Sure in dsl buffer bloat test I get half the speed but thats cos if it goes over that speed I get buffer bloat , but running a  normal speed test with same setup I get my full speed, so I only get half with dsl reports so for me HFSC and codel are  doing a fine Job but I am sure many more experts here can correct me. A other thing using ipfw limiters when using  the full upload speed it does not give example enough bandwidth plex remote users need, in hfsc it takes bandwidth from example the upload backup to the cloud and gives plex itS full 5mbps it needs






  • I have fq_codel working on my system without issue.  I followed the screenshots from post #121.

    Question:

    If I apply the same lan / wan queues to the In / Out on my IPsec interface rule will bandwidth then be shared evenly between multiple IPsec clients?

    I have several people that access server resources and it would be great if the bandwidth was shared evenly when everyone was trying to perform a get operation.

    Thanks



  • to the guys saying they only had to enable in cli and "nothing" else.

    You didnt do this step?

    Start with a recent 2.4 snapshot. Create two root limiters, Download and Upload, and put 95% your maximum values in bandwidth. Create two queues under each, say LAN and WAN. For LAN, selection destination addresses for mask and source addresses for WAN. Modify the default outgoing firewall rule to use WAN under "in" pipe and LAN under "out" pipe.

    Also the limiter is surviving all filter reload's?



  • @chrcoluk:

    to the guys saying they only had to enable in cli and "nothing" else.

    You didnt do this step?

    Start with a recent 2.4 snapshot. Create two root limiters, Download and Upload, and put 95% your maximum values in bandwidth. Create two queues under each, say LAN and WAN. For LAN, selection destination addresses for mask and source addresses for WAN. Modify the default outgoing firewall rule to use WAN under "in" pipe and LAN under "out" pipe.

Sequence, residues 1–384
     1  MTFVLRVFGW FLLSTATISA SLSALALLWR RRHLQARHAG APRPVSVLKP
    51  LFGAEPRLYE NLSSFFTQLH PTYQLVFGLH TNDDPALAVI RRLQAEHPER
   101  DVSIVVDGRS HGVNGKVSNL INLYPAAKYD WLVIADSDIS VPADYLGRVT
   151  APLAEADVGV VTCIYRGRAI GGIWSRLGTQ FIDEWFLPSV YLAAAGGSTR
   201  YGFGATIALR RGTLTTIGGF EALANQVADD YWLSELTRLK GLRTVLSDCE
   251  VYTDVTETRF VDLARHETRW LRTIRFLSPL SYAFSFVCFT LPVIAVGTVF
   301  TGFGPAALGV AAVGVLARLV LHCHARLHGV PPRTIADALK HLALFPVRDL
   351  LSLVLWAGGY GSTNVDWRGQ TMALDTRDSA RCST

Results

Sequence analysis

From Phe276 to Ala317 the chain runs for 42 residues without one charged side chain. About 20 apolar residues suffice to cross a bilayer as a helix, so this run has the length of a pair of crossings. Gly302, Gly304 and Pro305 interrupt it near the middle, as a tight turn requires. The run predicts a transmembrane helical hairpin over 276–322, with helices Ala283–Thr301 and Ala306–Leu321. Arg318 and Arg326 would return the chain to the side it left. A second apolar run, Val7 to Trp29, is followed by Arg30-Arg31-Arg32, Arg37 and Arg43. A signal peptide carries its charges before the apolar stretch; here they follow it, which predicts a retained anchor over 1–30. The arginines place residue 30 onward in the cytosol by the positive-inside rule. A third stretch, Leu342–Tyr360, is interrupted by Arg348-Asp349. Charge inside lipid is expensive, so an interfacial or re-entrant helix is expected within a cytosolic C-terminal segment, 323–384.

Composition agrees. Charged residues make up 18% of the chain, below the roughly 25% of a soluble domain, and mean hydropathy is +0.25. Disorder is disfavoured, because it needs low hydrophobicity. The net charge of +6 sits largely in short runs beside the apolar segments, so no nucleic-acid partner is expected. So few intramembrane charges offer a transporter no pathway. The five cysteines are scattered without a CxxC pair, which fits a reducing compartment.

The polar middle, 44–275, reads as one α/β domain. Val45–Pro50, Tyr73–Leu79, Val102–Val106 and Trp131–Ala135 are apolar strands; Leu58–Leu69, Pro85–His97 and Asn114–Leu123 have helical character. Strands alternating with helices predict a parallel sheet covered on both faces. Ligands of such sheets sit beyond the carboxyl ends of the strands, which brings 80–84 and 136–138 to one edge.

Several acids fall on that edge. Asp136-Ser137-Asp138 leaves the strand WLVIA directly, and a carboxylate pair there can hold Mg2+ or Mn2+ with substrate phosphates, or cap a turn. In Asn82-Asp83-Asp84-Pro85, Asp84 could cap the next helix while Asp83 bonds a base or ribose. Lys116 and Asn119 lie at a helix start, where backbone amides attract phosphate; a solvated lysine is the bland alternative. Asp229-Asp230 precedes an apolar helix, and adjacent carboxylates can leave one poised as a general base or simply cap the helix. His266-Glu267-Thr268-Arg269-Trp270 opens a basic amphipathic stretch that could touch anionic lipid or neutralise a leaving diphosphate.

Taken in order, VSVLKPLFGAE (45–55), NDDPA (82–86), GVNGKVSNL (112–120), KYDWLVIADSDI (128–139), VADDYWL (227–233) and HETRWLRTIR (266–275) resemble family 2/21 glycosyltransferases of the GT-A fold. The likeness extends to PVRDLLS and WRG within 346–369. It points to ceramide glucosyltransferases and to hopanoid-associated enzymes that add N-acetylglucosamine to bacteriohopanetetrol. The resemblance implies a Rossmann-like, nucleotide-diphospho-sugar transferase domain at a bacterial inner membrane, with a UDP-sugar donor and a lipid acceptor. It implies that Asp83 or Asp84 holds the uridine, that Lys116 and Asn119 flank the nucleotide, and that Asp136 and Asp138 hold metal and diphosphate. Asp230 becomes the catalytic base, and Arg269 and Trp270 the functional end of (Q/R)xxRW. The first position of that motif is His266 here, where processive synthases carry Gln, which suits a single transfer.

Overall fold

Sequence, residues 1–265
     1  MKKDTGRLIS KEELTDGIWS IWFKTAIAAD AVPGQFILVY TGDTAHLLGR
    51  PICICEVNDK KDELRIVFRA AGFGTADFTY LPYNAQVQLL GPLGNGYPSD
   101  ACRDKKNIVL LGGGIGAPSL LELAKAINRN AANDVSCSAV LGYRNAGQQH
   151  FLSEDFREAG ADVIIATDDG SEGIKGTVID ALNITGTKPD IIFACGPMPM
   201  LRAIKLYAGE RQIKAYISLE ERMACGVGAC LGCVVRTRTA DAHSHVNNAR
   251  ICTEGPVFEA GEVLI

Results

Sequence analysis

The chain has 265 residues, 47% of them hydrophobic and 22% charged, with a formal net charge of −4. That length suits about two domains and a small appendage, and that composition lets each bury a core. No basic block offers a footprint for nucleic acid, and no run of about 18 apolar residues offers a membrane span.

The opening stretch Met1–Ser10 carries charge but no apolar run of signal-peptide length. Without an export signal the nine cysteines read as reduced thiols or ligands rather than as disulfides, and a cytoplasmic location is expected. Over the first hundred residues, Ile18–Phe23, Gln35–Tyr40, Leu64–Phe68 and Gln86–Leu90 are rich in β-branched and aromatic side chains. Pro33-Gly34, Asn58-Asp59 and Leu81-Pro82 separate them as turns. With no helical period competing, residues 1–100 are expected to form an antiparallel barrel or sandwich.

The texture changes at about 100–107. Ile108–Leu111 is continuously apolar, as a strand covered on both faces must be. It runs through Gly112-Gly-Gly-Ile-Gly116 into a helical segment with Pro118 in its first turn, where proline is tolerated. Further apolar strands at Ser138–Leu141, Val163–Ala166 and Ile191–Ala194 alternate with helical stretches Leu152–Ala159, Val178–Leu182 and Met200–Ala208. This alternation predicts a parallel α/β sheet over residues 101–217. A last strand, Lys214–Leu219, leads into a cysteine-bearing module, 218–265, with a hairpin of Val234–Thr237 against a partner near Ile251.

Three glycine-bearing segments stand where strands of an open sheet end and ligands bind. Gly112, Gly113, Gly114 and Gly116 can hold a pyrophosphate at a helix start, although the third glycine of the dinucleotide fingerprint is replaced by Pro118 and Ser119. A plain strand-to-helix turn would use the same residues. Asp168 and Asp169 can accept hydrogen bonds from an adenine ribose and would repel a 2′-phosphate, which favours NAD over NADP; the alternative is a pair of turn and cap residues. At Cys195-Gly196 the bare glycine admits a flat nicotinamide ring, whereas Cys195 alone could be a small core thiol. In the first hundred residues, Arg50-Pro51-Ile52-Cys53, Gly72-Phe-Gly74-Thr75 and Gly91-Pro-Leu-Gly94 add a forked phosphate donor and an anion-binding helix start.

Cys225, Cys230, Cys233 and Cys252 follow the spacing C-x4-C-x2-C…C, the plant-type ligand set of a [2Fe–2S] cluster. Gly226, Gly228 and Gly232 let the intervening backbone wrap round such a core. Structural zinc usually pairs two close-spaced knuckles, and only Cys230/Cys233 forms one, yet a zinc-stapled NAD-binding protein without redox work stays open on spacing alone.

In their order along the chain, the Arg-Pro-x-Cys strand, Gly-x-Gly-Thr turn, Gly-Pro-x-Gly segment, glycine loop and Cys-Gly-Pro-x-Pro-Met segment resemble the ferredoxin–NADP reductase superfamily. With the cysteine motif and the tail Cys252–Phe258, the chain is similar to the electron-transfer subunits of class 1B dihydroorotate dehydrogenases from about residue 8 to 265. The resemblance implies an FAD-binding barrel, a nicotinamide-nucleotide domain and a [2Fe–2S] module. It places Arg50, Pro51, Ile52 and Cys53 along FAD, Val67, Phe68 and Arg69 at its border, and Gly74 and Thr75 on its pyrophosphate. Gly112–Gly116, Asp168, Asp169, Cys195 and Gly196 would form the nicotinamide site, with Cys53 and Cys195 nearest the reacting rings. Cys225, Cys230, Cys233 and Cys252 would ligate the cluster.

Also the limiter is surviving all filter reload's?

    Yes I did that step. When I say I only used the command line I mean I did not install a patch of any kind. I use Shellcmd package to run the command line again each time my system boots.



  • Part of the challenge is trying to figure out what gives better performance is your ISP and what may or may not be going on with your local network.

    I've got a 1Gb FIOS line and a pretty 'quiet' neighborhood so I tend to get a very consistent speed for up and download when I'm testing. Since it's not a pure 'lab' scenario, you can't really be sure of the variables in your testing.

    I've noticed:

    • FQ_Codel seems to have a bit less overhead than HFCS/Codel
    • If I get my upload and download speeds set properly, I can straight A+s on any buffer bloat tests
    • If I have multiple things going on or something not configured correctly, I tend to get problems
    • If you are using a straight up limiter and equally sharing bandwidth across all LAN connections for an example, you won't see your max upload/download as you have it shared equally. To that point, in OPNSense, you would configure a limiter and "weight" your FW rules to prioritize what you wanted.

    My rules would look like something like:

    
    Limiters:
    10000: 940.000 Mbit/s    0 ms burst 0 
    q75536  50 sl. 0 flows (1 buckets) sched 10000 weight 0 lmax 0 pri 0 droptail
     sched 75536 type FIFO flags 0x0 0 buckets 0 active
    10001: 880.000 Mbit/s    0 ms burst 0 
    q75537  50 sl. 0 flows (1 buckets) sched 10001 weight 0 lmax 0 pri 0 droptail
     sched 75537 type FIFO flags 0x0 0 buckets 0 active
    
    Queues:
    q10002  50 sl. 0 flows (1 buckets) sched 10001 weight 100 lmax 0 pri 0  AQM CoDel target 5ms interval 100ms NoECN
    q10003  50 sl. 0 flows (1 buckets) sched 10001 weight 10 lmax 0 pri 0  AQM CoDel target 5ms interval 100ms NoECN
    q10000  50 sl. 0 flows (1 buckets) sched 10000 weight 100 lmax 0 pri 0  AQM CoDel target 5ms interval 100ms NoECN
    q10001  50 sl. 0 flows (1 buckets) sched 10000 weight 10 lmax 0 pri 0  AQM CoDel target 5ms interval 100ms NoECN
    
    

    Which created some buckets and than weighted by my firewall rules.

    I try to use the concept simple is better as I have very limited rules and only really lower my plex download traffic and prioritize my gaming traffic. Everything else just falls into the defaults.



  • @Animosity022:

    To that point, in OPNSense, you would configure a limiter and "weight" your FW rules to prioritize what you wanted.

    It works the same way in pfSense. I weight my guest Network to 10% of my bandwidth.
    So if there is no lan traffic then guest can use all the bandwidth. When someone on lan starts using bandwidth then it will throttle guest all the way until they get down to 10% as necessary.
    It's great, limits without wasting bandwidth. Of course you can set hard limits as well if you need to.


Log in to reply